A study led by the Boston University School of Medicine has eased speculative fears after revealing no link between the number or duration of prenatal ultrasounds and a child’s later development of autism spectrum disorder (ASD).
The findings represent one more in a stream of investigations that have failed to identify a direct genetic or environmental cause of ASD, though a variety of factors are now known to increase the risk of development.
In recent years, high-powered ultrasound devices – the kind that can create a 3D picture of a fetus’s features – have become an increasingly popular tool for monitoring pregnancy. Because rates of ASD diagnosis have risen sharply during the same time frame, fetal exposure to ultrasound was quickly implicated as a potential factor for its cause. Some subsequent experiments in animal fetuses suggested that these devices can modify brain formation, leading to changes in memory, learning, and sociability once the organism is born.
To evaluate the link in humans, the authors of the current investigation, published in JAMA Pediatrics, reviewed the medical records of 107 otherwise healthy children with ASD, 104 children with a non-ASD developmental delay, and 209 children with normal neurological development.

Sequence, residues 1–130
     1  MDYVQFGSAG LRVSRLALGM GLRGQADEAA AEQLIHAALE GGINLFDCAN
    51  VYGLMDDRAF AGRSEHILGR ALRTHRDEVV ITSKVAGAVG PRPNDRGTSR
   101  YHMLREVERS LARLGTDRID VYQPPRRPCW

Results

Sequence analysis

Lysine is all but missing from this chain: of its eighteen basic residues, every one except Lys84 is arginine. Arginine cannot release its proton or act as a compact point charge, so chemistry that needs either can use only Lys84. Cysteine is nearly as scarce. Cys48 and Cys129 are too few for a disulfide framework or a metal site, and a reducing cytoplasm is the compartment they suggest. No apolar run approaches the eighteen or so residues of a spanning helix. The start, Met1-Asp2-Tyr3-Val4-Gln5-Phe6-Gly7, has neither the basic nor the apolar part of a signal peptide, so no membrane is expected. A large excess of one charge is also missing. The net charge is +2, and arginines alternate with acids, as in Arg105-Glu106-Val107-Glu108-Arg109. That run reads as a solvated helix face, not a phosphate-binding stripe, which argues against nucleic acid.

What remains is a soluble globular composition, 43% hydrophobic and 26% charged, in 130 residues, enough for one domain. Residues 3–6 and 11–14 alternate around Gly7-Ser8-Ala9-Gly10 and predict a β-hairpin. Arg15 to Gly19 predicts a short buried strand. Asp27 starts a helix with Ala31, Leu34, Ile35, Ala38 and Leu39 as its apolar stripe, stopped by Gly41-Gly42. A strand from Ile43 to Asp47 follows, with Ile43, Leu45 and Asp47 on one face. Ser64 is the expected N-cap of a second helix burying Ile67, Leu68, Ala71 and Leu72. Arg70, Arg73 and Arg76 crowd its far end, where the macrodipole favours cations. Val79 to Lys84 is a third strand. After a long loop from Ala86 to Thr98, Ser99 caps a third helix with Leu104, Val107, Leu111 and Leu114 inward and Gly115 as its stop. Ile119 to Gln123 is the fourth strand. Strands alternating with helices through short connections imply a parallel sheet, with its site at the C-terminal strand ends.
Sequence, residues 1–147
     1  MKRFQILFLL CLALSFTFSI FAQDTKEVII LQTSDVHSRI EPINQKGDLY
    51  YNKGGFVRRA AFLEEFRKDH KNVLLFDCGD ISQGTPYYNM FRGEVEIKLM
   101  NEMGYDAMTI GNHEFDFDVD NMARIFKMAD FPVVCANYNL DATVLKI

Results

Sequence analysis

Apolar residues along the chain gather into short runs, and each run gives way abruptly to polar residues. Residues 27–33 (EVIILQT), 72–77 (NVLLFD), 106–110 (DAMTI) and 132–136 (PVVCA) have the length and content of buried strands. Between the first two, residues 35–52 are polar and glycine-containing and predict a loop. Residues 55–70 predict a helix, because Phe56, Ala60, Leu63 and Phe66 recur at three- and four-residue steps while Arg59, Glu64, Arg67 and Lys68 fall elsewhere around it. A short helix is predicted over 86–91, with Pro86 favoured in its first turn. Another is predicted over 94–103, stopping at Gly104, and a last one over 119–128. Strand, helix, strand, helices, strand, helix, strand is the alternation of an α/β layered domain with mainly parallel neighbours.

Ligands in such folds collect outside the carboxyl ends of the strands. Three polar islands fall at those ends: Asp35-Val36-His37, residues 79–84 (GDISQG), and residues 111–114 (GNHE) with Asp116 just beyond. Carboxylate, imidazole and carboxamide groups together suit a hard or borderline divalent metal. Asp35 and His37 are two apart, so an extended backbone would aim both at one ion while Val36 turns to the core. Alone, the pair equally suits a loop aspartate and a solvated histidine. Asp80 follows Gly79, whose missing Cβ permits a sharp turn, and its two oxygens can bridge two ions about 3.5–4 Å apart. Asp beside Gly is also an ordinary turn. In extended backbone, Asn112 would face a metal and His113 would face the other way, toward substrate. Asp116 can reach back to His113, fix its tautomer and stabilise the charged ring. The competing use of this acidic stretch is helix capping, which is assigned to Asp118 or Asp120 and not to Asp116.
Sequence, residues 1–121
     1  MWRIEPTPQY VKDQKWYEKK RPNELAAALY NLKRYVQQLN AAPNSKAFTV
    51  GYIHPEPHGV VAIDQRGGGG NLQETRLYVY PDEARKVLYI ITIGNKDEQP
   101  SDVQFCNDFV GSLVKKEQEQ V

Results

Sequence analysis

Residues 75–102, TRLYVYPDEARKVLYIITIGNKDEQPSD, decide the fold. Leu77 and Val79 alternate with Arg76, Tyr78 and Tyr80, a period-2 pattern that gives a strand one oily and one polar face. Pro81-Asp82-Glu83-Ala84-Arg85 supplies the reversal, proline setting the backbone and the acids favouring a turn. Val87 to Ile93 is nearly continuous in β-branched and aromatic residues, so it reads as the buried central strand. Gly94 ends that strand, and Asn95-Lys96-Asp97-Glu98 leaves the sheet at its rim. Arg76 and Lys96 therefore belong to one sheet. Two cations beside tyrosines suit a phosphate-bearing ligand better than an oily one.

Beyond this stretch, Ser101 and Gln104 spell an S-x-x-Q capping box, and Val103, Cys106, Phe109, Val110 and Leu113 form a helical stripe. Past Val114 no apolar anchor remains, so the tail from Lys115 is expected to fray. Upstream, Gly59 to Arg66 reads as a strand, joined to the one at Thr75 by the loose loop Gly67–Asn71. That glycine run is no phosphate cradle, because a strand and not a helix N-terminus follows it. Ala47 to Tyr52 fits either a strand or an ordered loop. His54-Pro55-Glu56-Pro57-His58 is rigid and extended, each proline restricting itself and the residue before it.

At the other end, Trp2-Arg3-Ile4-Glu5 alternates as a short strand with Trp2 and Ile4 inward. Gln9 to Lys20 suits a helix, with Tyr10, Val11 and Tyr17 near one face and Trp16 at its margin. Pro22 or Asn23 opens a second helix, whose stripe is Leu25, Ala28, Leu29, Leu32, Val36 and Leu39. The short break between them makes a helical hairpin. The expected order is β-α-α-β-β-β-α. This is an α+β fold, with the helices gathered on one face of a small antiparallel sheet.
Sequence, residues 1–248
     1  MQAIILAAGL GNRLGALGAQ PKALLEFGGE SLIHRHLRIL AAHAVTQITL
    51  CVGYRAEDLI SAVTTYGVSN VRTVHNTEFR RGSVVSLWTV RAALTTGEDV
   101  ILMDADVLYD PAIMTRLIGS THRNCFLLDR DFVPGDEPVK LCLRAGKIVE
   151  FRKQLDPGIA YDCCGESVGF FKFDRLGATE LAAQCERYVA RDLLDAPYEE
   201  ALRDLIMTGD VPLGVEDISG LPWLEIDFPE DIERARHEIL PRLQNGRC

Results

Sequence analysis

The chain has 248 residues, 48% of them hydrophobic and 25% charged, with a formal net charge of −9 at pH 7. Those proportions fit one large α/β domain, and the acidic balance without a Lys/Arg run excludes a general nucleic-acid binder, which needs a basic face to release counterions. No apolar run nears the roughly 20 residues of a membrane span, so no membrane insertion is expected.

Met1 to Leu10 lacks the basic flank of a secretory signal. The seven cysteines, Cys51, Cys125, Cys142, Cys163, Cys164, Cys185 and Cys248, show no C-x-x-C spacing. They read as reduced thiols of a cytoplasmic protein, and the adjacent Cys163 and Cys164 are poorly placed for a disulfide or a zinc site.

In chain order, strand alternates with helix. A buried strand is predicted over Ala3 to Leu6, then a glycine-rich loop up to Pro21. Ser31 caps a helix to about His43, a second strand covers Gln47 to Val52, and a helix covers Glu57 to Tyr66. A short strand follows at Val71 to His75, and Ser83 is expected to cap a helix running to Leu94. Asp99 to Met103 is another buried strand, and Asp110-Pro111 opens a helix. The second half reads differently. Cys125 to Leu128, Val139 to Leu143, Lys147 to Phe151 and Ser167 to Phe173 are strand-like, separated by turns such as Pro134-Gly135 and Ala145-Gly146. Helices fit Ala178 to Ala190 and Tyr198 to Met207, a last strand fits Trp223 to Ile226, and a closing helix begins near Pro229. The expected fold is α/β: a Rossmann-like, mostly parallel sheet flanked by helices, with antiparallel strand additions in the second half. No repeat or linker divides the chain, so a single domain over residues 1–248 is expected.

The data showed that normal children and those with ASD or developmental delays were all exposed to the same average number of ultrasounds (about six) as fetuses, and that the time taken for each scan was similar. The scans’ average thermal index – the approximated amount of fetal tissue warming that occurs during a scan – were also the same between groups.
“In almost every parameter we looked at, ultrasound seemed perfectly safe,” co-author N. Paul Rosman told The Washington Post.
The only difference between groups was the depth that ultrasound waves permeated into the maternal and fetal tissue. Scans of ASD fetuses had a slightly greater average depth during the first and second trimesters compared with scans performed on normal fetuses.
Ultrasonography consists of sending pulses of high-frequency sound into tissue and creating an image from the pattern of reflected or scattered soundwaves. Though the frequency used for medical imaging has long been considered safe, the FDA and the American College of Obstetricians agree that exposure should be limited due to the possibility of undiscovered side effects.
Thus, the authors noted that the deeper scan depth could lead to increased penetration of soundwaves through the skull and into the fetal brain, potentially altering the brain cell development occurring within. They conclude by calling for future studies into ultrasound scan depth and ASD.
However, other pediatric specialists, like the two physicians who wrote an accompanying editorial, are skeptical that such a small difference in scan depth could account for the development of a severe neurological condition such as ASD.